Coronavirus cases in hospitals outside current infection hotspots are going to get much worse, experts say.

Hospitals in the South East, London and South Wales have seen resources stretched to critical levels - with some patients even being triaged in ambulances outside.

Now, experts predict hospitals yet to experience the latest surge to prepare for it to "come their way".

Professor Andrew Goddard, President of the Royal College of Physicians, told the BBC: "All hospitals that haven't had the big pressures that they've had in the South East, and London and South Wales, should expect that it's going to come their way.

"This new variant is definitely more infectious and is spreading across the whole of the country. It seems very likely that we are going to see more and more cases, wherever people work in the UK, and we need to be prepared for that."

Medics have also warned of "unbearable" conditions in hospitals, with 23 hospital trusts across England now seeing more than a third of general and acute beds occupied by coronavirus patients.

More than three quarters of England's population is living under Tier 4 restrictions
More than three quarters of England's population has been ordered to stay at home

One nurse who works at Whittington Hospital in north London said patients were being left in corridors and others spending hours in the back of an ambulance.

She said: "I'm worried about patient safety because if these little things are happening now when we're short and it's busy, it's only going to get worse.

"I don't know what else will happen - it worries me."

The number of Covid-19 patients in hospitals is at record levels in many areas of England - including London, the South West and the Midlands - with admissions rising above the levels seen during the first wave.

Staff in some hospitals are struggling to cope.

The nurse added: "It's not having enough nurses to care for patients, patient safety is being affected.

"Some are in corridors, being looked after in makeshift areas, makeshift wards have been created for Covid patients, and ICUs are running out of space.

"Staff have got low morale - we haven't even gotten over the first wave physically, emotionally and mentally, and now we're having to deal with this second wave."

Professor Andrew Goddard warned other areas could see a similar surge in cases to London and the South East
Ambulances are parked outside Southend University Hospital in Essex

The nurse called for a "complete lockdown" and said the public, who may not be adhering to restrictions as strictly as before, must stay home.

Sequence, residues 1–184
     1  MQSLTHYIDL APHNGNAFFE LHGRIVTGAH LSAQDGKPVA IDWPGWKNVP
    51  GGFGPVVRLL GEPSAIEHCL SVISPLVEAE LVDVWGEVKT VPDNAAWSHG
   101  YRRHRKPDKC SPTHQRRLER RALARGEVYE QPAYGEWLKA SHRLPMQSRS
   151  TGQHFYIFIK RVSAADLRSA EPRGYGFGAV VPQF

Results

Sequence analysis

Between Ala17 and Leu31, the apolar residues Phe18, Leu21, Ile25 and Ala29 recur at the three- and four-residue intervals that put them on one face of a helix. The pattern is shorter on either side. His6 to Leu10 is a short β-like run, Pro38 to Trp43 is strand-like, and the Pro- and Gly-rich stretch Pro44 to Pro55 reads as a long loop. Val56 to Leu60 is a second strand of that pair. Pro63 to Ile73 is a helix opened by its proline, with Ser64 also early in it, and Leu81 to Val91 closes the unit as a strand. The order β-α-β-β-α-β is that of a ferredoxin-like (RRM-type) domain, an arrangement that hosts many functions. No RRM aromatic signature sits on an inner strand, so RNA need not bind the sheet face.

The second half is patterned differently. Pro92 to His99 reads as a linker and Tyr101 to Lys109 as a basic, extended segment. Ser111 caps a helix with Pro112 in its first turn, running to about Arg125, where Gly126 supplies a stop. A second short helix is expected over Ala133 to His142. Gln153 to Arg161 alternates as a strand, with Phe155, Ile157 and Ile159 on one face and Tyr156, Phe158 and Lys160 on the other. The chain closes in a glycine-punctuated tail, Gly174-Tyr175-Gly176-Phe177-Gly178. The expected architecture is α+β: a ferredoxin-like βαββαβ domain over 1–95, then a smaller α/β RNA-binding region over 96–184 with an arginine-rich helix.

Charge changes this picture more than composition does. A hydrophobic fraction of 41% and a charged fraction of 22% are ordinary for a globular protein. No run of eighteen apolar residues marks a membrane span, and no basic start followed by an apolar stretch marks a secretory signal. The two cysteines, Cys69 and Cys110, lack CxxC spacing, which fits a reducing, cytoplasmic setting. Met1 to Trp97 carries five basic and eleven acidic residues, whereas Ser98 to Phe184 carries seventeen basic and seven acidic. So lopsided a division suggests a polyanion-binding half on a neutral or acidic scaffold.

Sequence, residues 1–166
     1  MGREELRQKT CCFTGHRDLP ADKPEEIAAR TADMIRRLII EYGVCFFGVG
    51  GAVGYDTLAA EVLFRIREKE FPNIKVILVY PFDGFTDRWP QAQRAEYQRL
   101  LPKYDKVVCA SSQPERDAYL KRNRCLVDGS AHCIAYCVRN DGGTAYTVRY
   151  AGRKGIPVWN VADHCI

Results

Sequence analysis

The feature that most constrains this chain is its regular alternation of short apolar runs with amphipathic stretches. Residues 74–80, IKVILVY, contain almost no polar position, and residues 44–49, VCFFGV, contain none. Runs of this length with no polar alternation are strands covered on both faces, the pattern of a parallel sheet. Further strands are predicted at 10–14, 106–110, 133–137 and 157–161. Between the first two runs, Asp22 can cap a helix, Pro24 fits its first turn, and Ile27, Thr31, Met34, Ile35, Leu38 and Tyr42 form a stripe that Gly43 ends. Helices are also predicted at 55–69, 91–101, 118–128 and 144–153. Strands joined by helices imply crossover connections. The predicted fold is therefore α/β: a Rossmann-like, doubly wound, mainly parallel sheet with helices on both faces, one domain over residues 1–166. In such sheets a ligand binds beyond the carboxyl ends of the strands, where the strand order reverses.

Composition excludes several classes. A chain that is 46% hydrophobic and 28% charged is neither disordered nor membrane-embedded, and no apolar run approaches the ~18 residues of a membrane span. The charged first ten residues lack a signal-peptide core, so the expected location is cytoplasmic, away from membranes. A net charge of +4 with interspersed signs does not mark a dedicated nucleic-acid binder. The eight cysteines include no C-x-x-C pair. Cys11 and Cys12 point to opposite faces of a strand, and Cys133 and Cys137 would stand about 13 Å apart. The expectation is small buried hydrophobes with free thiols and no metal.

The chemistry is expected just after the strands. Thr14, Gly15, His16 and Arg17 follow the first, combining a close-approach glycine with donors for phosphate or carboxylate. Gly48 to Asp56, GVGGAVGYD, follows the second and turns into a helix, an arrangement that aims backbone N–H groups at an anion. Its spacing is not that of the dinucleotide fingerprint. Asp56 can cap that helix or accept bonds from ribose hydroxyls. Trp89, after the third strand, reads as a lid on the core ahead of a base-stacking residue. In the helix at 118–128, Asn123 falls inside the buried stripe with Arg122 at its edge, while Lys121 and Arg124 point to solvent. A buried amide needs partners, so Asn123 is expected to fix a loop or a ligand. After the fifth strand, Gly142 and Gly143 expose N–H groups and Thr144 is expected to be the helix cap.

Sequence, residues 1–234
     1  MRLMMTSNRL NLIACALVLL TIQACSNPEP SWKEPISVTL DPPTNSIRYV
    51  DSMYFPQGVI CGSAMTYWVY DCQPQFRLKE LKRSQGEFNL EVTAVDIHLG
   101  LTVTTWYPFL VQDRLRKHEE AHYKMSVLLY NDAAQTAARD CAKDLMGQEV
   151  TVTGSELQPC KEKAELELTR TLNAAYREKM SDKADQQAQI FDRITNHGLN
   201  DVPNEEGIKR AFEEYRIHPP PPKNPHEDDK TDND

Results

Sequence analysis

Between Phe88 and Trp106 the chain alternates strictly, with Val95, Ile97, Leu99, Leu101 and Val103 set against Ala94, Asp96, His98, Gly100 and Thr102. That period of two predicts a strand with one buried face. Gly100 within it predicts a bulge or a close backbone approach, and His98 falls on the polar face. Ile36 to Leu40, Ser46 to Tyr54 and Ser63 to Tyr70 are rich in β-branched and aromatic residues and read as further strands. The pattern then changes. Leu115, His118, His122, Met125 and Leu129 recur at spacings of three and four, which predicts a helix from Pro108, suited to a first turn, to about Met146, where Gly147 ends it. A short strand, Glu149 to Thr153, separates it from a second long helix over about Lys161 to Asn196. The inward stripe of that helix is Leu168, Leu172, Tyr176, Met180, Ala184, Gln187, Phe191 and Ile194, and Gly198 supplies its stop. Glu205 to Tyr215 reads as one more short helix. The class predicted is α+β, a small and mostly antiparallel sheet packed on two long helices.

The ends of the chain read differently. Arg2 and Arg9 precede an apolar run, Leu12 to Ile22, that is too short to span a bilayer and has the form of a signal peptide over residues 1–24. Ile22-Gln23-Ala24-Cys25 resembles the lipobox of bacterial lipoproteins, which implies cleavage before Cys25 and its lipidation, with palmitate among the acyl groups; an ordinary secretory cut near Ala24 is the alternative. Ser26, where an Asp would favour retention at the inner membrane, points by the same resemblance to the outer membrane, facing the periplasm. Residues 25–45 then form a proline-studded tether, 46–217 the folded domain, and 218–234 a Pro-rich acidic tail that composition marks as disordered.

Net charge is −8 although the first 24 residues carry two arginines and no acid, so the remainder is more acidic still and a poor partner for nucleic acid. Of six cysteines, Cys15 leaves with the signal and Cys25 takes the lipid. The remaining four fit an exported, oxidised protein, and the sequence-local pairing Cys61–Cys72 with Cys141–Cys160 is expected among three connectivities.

She said: "I don't necessarily blame the public when the messages have been so mixed from this Government.

"But I just want them to hear us and hear what we're saying because it's really unbearable."

A new study from Imperial College experts has also found the new mutant variant of coronavirus is “hugely” more infectious than the original strain.

Prof Jim Naismith of Oxford University said the findings indicated that even tougher lockdown restrictions would soon be needed.

“Unless we do something different the new virus strain is going to continue to spread, more infections, more hospitalisations and more deaths,” he warned. 

Doctors’ leaders said NHS workers were at “battle stations” in their fight against the second wave and the coming weeks would be “nail-bitingly difficult” for the NHS.

Coronavirus infection rates across the UK

They warned the public against “wilfully ignoring” social distancing and lockdown rules, without which the deadly disease would spread still faster.

There are also concerns that Nightingale Hospitals, which the Government spent £220m on setting up, would be useless because of staffing shortages.

Dr Alison Pittard, dean of the Faculty of Intensive Care Medicine, said she feared the impact of the second wave was now widespread in ICUs across the country.

“Everyone has seen what is happening in London and the pressure that is putting both on organisations and on staff as well, and we fear it is only a matter of time before it starts to spread to other parts of the country, and we are already starting to see that,” she said.

“It is really important that we try and stop the transmission in the community because that translates into hospital admissions.”